The tragic bridge collapse in Minneapolis last Wednesday should be a wake-up call—for New Yorkers. The Empire State’s roads and bridges are in far worse shape than Minnesota’s, and they will require tens of billions of dollars to repair and replace. A recent study by the Reason Foundation rated New York’s transportation infrastructure the third worst in the nation, with more than 37 percent of its bridges structurally deficient, well above the national average of 24 percent. Unless New York starts tapping new sources of capital, including more money from the private sector, it will never find enough to pay for all the necessary work, and every project that it delays or defers will put drivers at risk.

For years the state has scrimped on infrastructure investments, as money funneled into areas like Medicaid and public-sector pay and benefits has crowded out spending on roads and bridges. During the 1990s, for instance, state expenditures for road and bridge maintenance, adjusted for inflation, declined by $300 million. New York’s voters in 2005 did approve $2.9 billion in borrowing for transportation items, but the state needs to spend way more than that—some $70 billion—and voters are wary of continually adding more debt. Meanwhile, soaring gas costs make raising New York’s already high gas tax to finance the spending politically unpalatable.

But the state’s leaders have strangely ignored the private sector—the source of $360 billion in infrastructure financing worldwide over the past 20 years. Much of this money has been invested through “build-to-operate” partnerships, in which private consortiums pay for and build roads, bridges, and tunnels in exchange for the right to operate them and collect tolls. These deals have become common in places like France and England, and are growing in the United States. Texas, for instance, is using public-private partnerships to help build its massive Trans-Texas Corridor, a network of some 600 miles of roads. In California, a private company is constructing a nearly ten-mile, $800 million extension of Route 125, south of San Diego, in exchange for a 35-year lease to manage the road and collect tolls.

To understand how such an approach might serve New York, it’s useful to think of the predicament that the state faces with the Tappan Zee Bridge, built on the cheap in 1955 and not intended to last more than 50 years. While repairs on the bridge are ongoing, the state ultimately needs to replace it—at a cost north of $10 billion, money that New York doesn’t have. Finding federal transportation aid will be tough, because the project will be competing with Manhattan’s Second Avenue subway line and the proposed new rail tunnel between Manhattan and New Jersey.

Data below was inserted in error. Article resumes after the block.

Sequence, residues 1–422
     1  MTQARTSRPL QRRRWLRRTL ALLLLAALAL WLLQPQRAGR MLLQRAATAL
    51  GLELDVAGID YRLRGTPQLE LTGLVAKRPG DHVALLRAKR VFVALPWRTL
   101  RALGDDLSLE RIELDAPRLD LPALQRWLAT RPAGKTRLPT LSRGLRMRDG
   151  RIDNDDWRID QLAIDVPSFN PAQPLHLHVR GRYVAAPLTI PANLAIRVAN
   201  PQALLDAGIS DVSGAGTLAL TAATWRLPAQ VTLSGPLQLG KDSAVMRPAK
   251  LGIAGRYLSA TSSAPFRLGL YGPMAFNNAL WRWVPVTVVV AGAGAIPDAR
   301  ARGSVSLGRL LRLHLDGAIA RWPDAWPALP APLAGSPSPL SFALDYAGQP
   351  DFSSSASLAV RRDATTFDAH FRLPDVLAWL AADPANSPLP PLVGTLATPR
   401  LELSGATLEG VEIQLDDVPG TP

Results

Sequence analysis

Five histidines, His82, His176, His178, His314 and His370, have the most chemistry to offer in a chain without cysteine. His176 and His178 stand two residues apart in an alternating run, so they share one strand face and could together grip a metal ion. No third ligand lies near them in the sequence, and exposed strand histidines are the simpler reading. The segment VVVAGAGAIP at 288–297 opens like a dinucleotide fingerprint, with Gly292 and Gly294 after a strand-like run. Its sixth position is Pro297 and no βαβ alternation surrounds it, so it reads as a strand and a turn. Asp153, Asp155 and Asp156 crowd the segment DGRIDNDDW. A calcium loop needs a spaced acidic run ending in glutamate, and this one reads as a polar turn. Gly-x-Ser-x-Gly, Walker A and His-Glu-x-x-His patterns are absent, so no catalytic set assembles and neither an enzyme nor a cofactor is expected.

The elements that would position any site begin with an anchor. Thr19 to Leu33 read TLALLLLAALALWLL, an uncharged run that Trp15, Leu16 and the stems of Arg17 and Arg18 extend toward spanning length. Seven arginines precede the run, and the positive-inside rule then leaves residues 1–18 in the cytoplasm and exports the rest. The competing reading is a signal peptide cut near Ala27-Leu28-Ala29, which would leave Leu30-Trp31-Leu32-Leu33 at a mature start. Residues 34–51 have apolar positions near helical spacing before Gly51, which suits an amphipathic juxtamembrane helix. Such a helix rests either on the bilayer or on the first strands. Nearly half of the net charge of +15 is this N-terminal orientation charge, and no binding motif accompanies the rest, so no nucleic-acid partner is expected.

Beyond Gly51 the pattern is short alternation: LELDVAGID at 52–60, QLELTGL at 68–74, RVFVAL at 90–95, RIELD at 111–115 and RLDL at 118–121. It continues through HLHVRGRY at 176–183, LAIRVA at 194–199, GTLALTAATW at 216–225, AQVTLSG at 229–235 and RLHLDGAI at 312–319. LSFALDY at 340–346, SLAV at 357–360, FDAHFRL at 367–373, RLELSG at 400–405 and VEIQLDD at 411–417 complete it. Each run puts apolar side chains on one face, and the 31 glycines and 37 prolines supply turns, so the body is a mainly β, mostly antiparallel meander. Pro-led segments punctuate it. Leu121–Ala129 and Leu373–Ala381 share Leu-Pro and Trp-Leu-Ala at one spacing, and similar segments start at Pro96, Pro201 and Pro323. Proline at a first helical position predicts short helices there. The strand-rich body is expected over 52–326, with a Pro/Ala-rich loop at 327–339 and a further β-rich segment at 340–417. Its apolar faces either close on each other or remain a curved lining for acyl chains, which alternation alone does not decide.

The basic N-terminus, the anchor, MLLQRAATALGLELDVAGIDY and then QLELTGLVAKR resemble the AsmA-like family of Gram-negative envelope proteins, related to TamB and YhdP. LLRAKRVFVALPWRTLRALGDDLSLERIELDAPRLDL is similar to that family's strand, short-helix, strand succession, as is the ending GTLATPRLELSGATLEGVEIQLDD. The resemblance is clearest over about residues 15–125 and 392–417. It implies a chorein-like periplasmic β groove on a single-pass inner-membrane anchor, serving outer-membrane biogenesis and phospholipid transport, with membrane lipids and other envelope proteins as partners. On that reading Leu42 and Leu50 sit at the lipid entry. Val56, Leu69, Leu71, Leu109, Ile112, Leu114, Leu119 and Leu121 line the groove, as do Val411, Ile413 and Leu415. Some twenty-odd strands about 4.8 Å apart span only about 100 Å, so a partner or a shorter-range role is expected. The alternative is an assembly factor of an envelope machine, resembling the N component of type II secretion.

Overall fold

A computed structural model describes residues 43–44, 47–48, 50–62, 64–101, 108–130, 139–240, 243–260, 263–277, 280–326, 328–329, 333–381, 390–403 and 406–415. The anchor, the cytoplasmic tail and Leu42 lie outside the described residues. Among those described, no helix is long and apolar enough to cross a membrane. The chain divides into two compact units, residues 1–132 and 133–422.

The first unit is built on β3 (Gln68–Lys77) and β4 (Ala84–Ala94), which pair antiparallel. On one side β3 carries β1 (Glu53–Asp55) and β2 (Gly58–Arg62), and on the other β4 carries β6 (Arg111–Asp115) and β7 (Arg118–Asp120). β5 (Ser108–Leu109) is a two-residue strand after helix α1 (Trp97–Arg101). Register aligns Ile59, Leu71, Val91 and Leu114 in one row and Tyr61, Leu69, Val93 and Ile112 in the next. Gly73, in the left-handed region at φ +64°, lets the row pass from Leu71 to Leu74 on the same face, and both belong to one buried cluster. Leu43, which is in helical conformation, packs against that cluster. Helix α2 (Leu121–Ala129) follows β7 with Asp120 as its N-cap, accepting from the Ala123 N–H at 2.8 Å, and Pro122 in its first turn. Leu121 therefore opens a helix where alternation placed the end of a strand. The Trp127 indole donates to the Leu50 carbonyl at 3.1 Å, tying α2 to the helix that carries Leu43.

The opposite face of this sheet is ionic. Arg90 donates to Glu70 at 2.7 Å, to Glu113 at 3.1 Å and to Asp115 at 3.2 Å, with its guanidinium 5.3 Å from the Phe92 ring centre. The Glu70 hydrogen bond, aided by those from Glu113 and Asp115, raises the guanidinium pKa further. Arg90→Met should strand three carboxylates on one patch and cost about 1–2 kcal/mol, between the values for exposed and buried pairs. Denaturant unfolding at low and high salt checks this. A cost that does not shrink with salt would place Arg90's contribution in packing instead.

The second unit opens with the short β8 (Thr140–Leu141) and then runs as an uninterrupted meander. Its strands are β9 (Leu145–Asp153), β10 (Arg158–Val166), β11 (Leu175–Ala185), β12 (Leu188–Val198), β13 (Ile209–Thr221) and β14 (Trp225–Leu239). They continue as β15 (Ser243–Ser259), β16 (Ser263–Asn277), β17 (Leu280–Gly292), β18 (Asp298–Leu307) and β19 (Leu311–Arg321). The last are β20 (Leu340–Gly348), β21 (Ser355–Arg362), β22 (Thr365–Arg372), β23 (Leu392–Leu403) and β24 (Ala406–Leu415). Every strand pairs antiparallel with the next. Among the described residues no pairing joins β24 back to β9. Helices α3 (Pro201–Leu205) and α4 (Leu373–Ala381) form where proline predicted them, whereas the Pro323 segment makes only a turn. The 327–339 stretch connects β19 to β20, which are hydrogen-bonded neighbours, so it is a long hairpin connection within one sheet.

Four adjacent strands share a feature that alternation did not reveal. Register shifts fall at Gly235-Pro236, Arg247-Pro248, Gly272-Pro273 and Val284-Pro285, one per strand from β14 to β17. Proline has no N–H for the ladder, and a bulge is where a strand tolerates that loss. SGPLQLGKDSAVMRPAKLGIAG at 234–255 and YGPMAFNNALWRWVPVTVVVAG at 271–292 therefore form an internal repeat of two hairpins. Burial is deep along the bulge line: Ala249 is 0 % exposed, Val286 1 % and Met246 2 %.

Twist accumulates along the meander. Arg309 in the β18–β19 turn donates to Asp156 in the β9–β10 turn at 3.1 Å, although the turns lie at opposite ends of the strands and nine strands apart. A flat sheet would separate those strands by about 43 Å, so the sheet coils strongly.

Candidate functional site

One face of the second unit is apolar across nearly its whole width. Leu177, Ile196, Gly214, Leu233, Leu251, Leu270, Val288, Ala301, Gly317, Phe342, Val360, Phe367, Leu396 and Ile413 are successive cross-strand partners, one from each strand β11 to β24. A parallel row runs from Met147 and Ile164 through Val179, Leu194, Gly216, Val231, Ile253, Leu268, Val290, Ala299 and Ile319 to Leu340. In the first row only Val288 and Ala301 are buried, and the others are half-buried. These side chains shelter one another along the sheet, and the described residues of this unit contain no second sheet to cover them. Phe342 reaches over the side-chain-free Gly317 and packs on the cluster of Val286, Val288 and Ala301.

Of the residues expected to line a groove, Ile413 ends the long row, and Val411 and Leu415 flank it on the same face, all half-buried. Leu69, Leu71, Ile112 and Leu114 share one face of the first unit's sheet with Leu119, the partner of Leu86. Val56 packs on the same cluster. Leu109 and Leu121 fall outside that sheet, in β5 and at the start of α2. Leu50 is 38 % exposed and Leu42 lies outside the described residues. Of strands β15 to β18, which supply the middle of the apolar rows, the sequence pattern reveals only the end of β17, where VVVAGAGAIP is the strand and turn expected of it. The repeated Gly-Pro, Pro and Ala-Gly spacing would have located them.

But New York could issue a request for proposals from private investors, setting out design specifications, maintenance standards, and a schedule of toll rates for years to come, and then see what bids it gets—either to finance the road entirely or to participate with the state in exchange for a share of toll proceeds. Though a $10 billion project might seem like a lot for private investors, hundreds of billions of dollars are sitting in international pension funds, whose managers are looking to invest in projects that provide a steady, predictable stream of income—as toll collections do.

Critics complain that it’s the government’s job to build and operate roads and bridges, not the private sector’s, but that’s increasingly not the case in the rest of the world. And when it comes to a very big project like the Tappan Zee Bridge, the choice may not really be between government and private sector, but between letting someone else do it and not doing it at all.


City Journal is a publication of the Manhattan Institute for Policy Research (MI), a leading free-market think tank. Are you interested in supporting the magazine? As a 501(c)(3) nonprofit, donations in support of MI and City Journal are fully tax-deductible as provided by law (EIN #13-2912529).

Further Reading

Up Next